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Philadelphia natives Marcus and Markieff Morris acquitted of assault

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Philadelphia natives Marcus and Markieff Morris acquitted of assault

PHOENIX -- A Phoenix jury acquitted NBA players Marcus and Markieff Morris in their aggravated assault trial Tuesday.

The Morris brothers have been on trial for the past two weeks on charges that they helped three other people beat 36-year-old Erik Hood in January 2015 outside a high school basketball game in Phoenix.

At that time, the 28-year-old brothers played for the Phoenix Suns. Marcus now plays for the Boston Celtics and Markieff is with the Washington Wizards.

Defense attorneys Timothy Eckstein and James Belanger patted the brothers on the back as the verdict was read. The Morris twins hugged their attorneys after the jury was led out of the courtroom.

"From the beginning we expected them to acquit but just putting this time here," Marcus Morris said outside Maricopa County Superior Court.

Both players have missed the start of the NBA preseason because of the trial.

Another defendant, Gerald Bowman, also was found not guilty on two counts of aggravated assault. Two other co-defendants pleaded guilty to the charges on Sept. 13.

Hood did not attend court to hear the verdict read.

Jurors got the case Monday afternoon. They began hearing testimony Sept. 18.

Belanger said in closing arguments that the case was tainted by Hood's mentor trying to solicit two witnesses to implicate the Morris brothers for a cash payment in return.

Two witnesses testified about the mentor's attempt and their refusal to lie. They both went to break up the fight and placed the Morris twins near the site but not as part of the altercation.

Belanger said he thought the defense had a very good case without that but when the jury found out "it was the prism that they had to look at everything else through."

Prosecutor Daniel Fisher had urged jurors to convict the brothers, saying Marcus Morris kicked Hood in the head and Markieff Morris acted as an accomplice because "they had an axe to grind" with him.

Defense attorneys pressed Hood during his testimony about his financial motives in the case and his knowledge of the NBA players' substantial financial assets.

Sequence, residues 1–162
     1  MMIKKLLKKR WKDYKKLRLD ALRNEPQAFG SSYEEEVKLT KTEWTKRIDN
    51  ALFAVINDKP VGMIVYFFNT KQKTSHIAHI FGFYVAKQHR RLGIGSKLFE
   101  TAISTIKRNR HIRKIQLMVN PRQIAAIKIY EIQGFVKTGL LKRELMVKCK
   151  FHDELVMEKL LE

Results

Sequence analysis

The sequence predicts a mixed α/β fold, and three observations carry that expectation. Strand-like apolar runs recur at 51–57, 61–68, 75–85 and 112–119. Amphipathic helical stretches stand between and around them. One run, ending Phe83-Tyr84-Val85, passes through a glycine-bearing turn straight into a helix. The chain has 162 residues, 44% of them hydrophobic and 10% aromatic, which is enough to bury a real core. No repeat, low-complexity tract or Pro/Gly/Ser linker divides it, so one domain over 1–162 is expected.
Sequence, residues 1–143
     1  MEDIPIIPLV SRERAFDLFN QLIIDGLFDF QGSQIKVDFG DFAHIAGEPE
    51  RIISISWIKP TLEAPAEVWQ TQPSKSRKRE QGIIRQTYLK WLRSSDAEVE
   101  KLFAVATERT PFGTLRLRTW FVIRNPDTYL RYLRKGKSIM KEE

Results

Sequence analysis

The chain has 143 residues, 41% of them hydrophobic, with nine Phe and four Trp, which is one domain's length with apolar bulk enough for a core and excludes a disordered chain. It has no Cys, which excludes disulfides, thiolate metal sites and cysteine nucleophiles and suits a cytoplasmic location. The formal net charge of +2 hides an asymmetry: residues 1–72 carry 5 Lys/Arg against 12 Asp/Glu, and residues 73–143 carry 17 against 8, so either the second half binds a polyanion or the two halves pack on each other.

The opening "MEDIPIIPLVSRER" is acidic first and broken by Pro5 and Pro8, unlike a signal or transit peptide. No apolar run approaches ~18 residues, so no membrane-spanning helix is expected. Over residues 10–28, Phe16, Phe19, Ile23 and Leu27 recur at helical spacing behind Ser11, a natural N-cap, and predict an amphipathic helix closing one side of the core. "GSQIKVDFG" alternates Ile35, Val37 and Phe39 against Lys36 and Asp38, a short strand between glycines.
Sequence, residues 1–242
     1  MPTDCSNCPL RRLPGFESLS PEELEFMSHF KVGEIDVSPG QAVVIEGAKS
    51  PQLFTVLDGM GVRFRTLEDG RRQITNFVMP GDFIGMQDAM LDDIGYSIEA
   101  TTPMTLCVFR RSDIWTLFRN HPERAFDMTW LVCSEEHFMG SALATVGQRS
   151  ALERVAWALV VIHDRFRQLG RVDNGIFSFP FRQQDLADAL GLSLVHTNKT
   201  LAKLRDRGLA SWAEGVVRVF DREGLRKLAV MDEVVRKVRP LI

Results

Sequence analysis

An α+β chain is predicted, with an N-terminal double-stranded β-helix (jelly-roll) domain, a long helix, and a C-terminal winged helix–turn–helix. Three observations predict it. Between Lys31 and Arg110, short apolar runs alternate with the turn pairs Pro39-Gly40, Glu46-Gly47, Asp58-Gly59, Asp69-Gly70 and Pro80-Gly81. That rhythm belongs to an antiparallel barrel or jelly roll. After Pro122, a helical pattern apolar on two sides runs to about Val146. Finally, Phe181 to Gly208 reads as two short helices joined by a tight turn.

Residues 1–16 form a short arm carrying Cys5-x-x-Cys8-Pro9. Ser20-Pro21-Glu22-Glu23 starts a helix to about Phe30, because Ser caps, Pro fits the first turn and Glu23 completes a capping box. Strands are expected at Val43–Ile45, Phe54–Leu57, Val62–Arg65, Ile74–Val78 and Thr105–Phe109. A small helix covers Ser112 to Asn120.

They also repeatedly said Hood lied to police nine times when he said both twins were involved in the assault. Hood later changed his statement to say Markieff did not beat him but had been in the vicinity.

Eckstein, the lawyer for Marcus Morris, said during closing arguments that Hood knew he had to "double down on Marcus" beating him because the case wouldn't be worth anything without one of the brothers involved.

Hood testified he wanted justice for the beating that left him with a broken nose and other injuries.

He said he has known the Morris brothers since their youth basketball days, but they had a falling out in 2011.

Hood testified that his relationship with the twins became strained because of a misinterpreted text message he sent their mother. But he said there was nothing "improper" happening with him and their mother.

The Morris brothers said they felt relieved and were ready to get back to their teams.

"We put our faith in our lawyers," Markieff Morris said.

'Playing like a high school team' plaguing Sixers during losing streak

'Playing like a high school team' plaguing Sixers during losing streak

NEW ORLEANS — The Sixers have hit a four-game skid and there is not a clearly defined way out of it thanks to a laundry list of injuries.

“I think it’s painfully obvious,” Brett Brown said of what needs to be done. “Let’s get our better players back in a uniform.”

The Sixers have to play their best with their pieces available down two starters (Joel Embiid, Robert Covington) and a key bench player (T.J. McConnell).

There are adjustments that can be made to prevent a losing streak from spiraling the Sixers down in the standings.